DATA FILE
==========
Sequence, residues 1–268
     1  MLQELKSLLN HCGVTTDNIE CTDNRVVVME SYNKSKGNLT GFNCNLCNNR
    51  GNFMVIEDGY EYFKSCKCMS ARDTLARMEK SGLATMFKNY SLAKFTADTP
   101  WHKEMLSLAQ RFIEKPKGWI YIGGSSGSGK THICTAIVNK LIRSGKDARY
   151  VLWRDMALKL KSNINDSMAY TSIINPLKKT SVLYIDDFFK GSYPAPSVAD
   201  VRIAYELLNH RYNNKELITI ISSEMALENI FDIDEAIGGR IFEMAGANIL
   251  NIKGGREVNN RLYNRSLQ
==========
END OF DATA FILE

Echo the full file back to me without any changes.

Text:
Sequence, residues 1–268
     1  MLQELKSLLN HCGVTTDNIE CTDNRVVVME SYNKSKGNLT GFNCNLCNNR
    51  GNFMVIEDGY EYFKSCKCMS ARDTLARMEK SGLATMFKNY SLAKFTADTP
   101  WHKEMLSLAQ RFIEKPKGWI YIGGSSGSGK THICTAIVNK LIRSGKDARY
   151  VLWRDMALKL KSNINDSMAY TSIINPLKKT SVLYIDDFFK GSYPAPSVAD
   201  VRIAYELLNH RYNNKELITI ISSEMALENI FDIDEAIGGR IFEMAGANIL
   251  NIKGGREVNN RLYNRSLQ